MOUNT Gambier High School has introduced a new way to combine practical and theory in its physical education lessons.
Heart-rate monitors and GPS trackers have been purchased by the school after funding was received for an innovative pathways application grant, which has opened doors into how students can engage with the class.
The devices have so far been introduced in both the specialist athletics and football programs, which has created a way for students to analyse and reflect on their own personal data.
“Obviously with the kids not being able to play competitive sport, we have been trying to work out different ways in which we can still get them to be physically active and try to link something to fitness in particular,” MGHS special sports coordinator Kerran Wingard said.
“Now that we have the majority of kids back (at school) we thought it would be a really good chance to take them through the process of being physically active and then be able to look at their data, analyse it and work out where areas of improvement could be.”
The heart-rate monitors can obviously be used to track heart rates during activities, while the GPS trackers are able to determine distance and max speed, along with hard running and sprint efforts throughout a session.
While still a new concept in the classroom, the specialist sport teachers have already started to incorporate them into lessons.
“The aths program has been out twice and the kids have had a chance to do a couple of runs and some sprints,” Wingard said.
“Part of their activity is to map out a new cross-country course around the school area because we cannot do any excursions or anything like that.
“The footy program is trying to use the GPS units to get that connection between match movements and intensity and things like that and then replicating them in training.
“It is just giving the kids a chance to be match fit or as close as possible.”
For countless youngsters in the Limestone Coast sport is a large part of their winter weekend routine, but most remain on hold due to the COVID-19 situation.
Wingard said the use of the devices is the perfect way for students to push themselves to their potential while they are unable to train in their specialised sport, before returning to the classroom to analyse their own statistics.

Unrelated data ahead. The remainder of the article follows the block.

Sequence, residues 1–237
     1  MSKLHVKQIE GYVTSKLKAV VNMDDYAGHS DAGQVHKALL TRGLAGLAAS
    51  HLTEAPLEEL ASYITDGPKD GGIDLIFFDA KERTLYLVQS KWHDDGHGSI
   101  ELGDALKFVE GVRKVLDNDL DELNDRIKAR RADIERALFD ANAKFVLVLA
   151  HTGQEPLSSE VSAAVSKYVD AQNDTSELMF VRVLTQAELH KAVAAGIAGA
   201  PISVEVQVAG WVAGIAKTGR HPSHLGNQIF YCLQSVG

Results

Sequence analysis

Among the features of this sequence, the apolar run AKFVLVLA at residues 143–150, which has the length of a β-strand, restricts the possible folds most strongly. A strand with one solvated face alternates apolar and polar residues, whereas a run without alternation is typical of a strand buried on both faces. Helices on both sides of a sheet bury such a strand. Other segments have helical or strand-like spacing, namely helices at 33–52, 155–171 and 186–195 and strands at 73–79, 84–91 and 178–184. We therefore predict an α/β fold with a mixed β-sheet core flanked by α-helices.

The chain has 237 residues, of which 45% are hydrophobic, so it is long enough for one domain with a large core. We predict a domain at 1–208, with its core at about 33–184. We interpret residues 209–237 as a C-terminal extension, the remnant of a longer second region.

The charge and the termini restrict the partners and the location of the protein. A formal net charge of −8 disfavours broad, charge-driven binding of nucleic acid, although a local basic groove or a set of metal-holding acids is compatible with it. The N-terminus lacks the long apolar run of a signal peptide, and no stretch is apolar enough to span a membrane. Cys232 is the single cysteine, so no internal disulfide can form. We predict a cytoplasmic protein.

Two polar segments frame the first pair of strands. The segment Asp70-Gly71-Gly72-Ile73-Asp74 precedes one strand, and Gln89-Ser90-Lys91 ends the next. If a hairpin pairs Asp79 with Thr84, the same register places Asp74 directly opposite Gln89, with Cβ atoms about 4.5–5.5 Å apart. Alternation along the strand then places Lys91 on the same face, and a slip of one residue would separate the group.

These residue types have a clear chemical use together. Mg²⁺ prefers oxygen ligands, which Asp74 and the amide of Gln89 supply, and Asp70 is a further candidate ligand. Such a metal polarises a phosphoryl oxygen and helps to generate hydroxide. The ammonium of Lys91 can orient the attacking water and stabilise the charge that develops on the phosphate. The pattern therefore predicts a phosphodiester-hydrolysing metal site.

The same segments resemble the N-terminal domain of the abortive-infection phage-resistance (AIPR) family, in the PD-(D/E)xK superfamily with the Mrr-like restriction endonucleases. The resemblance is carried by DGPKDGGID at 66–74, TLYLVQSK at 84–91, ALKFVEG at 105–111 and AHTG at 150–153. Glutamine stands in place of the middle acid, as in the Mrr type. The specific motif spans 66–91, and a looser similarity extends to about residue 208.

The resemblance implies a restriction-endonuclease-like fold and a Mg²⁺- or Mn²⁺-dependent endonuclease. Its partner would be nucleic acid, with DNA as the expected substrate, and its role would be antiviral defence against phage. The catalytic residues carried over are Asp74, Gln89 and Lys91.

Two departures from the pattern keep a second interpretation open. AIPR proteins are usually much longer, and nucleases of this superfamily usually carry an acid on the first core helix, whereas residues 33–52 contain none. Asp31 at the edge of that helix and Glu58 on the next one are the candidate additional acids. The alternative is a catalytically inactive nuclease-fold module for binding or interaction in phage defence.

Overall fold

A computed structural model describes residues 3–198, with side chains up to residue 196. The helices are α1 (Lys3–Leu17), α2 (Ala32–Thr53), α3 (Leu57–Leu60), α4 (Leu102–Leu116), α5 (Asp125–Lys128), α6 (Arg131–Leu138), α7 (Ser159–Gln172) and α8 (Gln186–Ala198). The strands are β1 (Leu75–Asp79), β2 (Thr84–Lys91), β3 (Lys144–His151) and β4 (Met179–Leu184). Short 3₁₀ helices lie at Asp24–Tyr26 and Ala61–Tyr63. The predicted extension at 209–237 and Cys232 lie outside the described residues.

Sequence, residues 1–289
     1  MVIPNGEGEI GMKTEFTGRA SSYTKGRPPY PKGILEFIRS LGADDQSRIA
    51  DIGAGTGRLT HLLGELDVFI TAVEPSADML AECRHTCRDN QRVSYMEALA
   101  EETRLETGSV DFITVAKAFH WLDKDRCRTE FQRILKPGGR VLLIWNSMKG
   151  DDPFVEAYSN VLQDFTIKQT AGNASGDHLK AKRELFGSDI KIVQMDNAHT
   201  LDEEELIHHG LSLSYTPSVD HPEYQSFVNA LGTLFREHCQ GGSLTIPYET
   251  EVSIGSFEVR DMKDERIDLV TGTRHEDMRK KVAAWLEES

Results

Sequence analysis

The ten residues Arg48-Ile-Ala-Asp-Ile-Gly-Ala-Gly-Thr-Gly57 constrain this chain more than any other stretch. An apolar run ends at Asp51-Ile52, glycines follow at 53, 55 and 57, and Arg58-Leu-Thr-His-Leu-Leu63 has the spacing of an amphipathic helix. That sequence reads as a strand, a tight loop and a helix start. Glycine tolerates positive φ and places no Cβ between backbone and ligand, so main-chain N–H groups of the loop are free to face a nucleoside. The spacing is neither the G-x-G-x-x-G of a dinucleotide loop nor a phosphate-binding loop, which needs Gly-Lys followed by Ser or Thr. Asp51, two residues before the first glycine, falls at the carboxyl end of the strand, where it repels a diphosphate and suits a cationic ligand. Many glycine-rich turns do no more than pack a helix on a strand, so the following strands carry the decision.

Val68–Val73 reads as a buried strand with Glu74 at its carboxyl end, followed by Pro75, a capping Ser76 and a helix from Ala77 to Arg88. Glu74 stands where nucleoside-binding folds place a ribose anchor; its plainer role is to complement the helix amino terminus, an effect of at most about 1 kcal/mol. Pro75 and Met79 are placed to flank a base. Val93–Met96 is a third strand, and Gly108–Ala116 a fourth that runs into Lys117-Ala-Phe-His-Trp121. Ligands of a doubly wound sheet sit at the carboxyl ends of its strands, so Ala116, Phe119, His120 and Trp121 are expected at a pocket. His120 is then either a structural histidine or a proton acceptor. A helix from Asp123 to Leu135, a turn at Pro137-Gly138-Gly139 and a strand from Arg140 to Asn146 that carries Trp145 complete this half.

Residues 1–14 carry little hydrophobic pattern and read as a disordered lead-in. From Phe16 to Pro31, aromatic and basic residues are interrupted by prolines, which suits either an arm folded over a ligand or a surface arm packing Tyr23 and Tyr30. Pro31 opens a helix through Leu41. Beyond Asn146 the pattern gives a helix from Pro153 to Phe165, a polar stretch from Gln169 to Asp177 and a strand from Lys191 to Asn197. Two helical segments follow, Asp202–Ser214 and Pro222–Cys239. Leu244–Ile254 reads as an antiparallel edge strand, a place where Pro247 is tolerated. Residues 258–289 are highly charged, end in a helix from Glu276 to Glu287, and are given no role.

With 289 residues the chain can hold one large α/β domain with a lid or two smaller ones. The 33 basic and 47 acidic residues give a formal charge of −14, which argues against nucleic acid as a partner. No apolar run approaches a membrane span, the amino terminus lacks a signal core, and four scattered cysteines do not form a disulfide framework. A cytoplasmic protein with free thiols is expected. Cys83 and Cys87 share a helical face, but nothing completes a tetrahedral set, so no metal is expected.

“For a lot of our kids it is probably the first chance they have had to actually sit down and look at some data,” Wingard said.
“Then it becomes a bit competitive as well.
“We try and push them a bit – I tell them how fast I think I can run and do it that way.
“It lifts the intensity straight away and for the kids, who have not had any of that sport and competitiveness, I think they really thrive on it.”
The introduction of the devices has also opened up pathways students may not have considered as possible career opportunities.
“It gives those kids a pathway into the sports science,” Wingard said.
“A lot of kids play sport, but the number which make it to the elite level is not necessarily that big.
“To give them the opportunity to look at sports science, it just gives them a little bit of a look into that different side of sport.”
Wingard said the school is grateful to have access to the technology, which is often out of reach for “country kids”.
“Sometimes this stuff is only available when you go to the city and the bigger schools,” he said.
“We are pretty lucky really to have access to it.
“The kids love it and they cannot wait to get them out and have a go – it is good fun to watch them when they chuck it on.
“Anything to give them that chance to be competitive or try to better themselves, that is what makes it good I think, they just thrive.”